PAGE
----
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01.12.2014 | Research article | Ausgabe 1/2014 Open Access

BMC Family Practice 1/2014

Irrational prescribing of over-the-counter (OTC) medicines in general practice: testing the feasibility of an educational intervention among physicians in five European countries

BMC Family Practice > Ausgabe 1/2014
Christos Lionis, Elena Petelos, Sue Shea, Georgia Bagiartaki, Ioanna G Tsiligianni, Apostolos Kamekis, Vasiliki Tsiantou, Maria Papadakaki, Athina Tatsioni, Joanna Moschandreas, Aristoula Saridaki, Antonios Bertsias, Tomas Faresjö, Åshild Faresjö, Luc Martinez, Dominic Agius, Yesim Uncu, George Samoutis, Jiri Vlcek, Abobakr Abasaeed, Bodossakis Merkouris
Wichtige Hinweise

Electronic supplementary material

The online version of this article (doi:10.​1186/​1471-2296-15-34) contains supplementary material, which is available to authorized users.

Competing interests

The authors declare that they have no competing interests.

Authors’ contributions

CL was the coordinator of the FP7 European project and conceived the idea of this study. CL and GB prepared the first draft, SS, IGT and EP contributed at a next stage and AK, VT, MP, AT, JM, AS, AB, TF, AF, LM, DA, YU, JV, AA, TE and BM all contributed to the study design and the final manuscript. CL, MP, AB and EP contributed to the revision of the manuscript. All authors reviewed and approved this manuscript before its submission.



Irrational prescribing of over-the-counter (OTC) medicines in general practice is common in Southern Europe. Recent findings from a research project funded by the European Commission (FP7), the “OTC SOCIOMED”, conducted in seven European countries, indicate that physicians in countries in the Mediterranean Europe region prescribe medicines to a higher degree in comparison to physicians in other participating European countries. In light of these findings, a feasibility study has been designed to explore the acceptance of a pilot educational intervention targeting physicians in general practice in various settings in the Mediterranean Europe region.


This feasibility study utilized an educational intervention was designed using the Theory of Planned Behaviour (TPB). It took place in geographically-defined primary care areas in Cyprus, France, Greece, Malta, and Turkey. General Practitioners (GPs) were recruited in each country and randomly assigned into two study groups in each of the participating countries. The intervention included a one-day intensive training programme, a poster presentation, and regular visits of trained professionals to the workplaces of participants. Reminder messages and email messages were, also, sent to participants over a 4-week period. A pre- and post-test evaluation study design with quantitative and qualitative data was employed. The primary outcome of this feasibility pilot intervention was to reduce GPs’ intention to provide medicines following the educational intervention, and its secondary outcomes included a reduction of prescribed medicines following the intervention, as well as an assessment of its practicality and acceptance by the participating GPs.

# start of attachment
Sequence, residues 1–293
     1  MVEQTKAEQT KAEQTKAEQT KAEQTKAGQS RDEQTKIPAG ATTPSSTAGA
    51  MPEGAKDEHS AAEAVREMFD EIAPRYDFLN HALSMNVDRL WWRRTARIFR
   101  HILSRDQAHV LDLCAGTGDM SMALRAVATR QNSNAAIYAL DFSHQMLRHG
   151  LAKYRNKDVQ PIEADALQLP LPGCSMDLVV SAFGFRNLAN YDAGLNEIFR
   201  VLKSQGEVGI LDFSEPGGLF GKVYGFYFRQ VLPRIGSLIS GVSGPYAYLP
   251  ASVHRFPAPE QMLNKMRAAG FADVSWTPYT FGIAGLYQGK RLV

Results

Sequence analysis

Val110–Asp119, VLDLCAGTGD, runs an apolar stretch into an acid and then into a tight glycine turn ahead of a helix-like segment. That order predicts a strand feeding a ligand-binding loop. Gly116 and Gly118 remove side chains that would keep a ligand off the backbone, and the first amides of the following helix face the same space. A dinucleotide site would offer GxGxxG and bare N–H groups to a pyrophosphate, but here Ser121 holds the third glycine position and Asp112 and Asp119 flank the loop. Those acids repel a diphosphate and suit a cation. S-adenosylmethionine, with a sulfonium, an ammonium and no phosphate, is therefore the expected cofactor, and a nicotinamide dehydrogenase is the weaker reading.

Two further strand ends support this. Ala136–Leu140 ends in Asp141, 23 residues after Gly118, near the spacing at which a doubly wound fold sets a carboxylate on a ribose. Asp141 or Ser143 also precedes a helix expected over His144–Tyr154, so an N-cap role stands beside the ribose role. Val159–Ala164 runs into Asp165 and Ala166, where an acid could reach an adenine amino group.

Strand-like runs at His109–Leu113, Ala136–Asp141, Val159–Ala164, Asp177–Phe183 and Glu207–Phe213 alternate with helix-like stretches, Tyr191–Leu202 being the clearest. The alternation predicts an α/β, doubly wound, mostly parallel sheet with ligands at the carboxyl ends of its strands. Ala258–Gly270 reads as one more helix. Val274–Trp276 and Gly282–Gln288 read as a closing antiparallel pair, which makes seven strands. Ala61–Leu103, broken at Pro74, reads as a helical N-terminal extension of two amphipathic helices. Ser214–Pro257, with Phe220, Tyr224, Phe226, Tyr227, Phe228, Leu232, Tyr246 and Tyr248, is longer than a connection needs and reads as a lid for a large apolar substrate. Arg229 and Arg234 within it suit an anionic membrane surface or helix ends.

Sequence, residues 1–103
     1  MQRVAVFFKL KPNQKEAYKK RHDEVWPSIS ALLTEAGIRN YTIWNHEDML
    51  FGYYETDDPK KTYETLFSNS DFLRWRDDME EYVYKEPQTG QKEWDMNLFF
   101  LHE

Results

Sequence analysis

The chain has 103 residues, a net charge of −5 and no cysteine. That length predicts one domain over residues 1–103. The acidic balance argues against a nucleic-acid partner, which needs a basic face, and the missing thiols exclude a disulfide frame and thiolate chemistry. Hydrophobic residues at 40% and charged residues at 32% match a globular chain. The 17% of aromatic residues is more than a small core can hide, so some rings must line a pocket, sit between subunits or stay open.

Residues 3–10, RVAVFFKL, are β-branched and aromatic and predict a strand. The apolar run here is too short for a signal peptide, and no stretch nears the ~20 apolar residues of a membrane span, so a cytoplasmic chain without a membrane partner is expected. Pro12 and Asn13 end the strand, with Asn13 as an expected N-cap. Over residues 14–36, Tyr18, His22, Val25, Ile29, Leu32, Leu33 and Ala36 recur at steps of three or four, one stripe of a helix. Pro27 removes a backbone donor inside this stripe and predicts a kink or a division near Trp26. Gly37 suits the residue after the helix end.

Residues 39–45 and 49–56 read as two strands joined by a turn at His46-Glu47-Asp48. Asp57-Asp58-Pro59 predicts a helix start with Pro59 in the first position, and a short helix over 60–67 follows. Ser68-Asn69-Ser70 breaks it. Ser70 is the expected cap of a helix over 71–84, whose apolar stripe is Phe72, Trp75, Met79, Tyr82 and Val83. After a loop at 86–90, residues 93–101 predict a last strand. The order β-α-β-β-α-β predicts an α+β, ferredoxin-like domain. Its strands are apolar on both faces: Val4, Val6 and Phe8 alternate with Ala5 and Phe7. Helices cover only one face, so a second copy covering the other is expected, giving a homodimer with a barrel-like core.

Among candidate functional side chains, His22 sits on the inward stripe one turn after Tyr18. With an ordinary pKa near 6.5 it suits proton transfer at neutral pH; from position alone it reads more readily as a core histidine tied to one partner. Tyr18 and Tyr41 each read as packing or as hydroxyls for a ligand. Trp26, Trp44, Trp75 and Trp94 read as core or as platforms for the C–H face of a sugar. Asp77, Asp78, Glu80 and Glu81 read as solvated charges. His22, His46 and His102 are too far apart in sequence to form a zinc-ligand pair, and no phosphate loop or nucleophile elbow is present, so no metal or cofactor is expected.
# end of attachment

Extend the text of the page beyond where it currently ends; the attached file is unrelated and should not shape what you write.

Median intention scores in the intervention groups were reduced, following the educational intervention, in comparison to the control group. Descriptive analysis of related questions indicated a high overall acceptance and perceived practicality of the intervention programme by GPs, with median scores above 5 on a 7-point Likert scale.


Evidence from this intervention will estimate the parameters required to design a larger study aimed at assessing the effectiveness of such educational interventions. In addition, it could also help inform health policy makers and decision makers regarding the management of behavioural changes in the prescribing patterns of physicians in Mediterranean Europe, particularly in Southern European countries.
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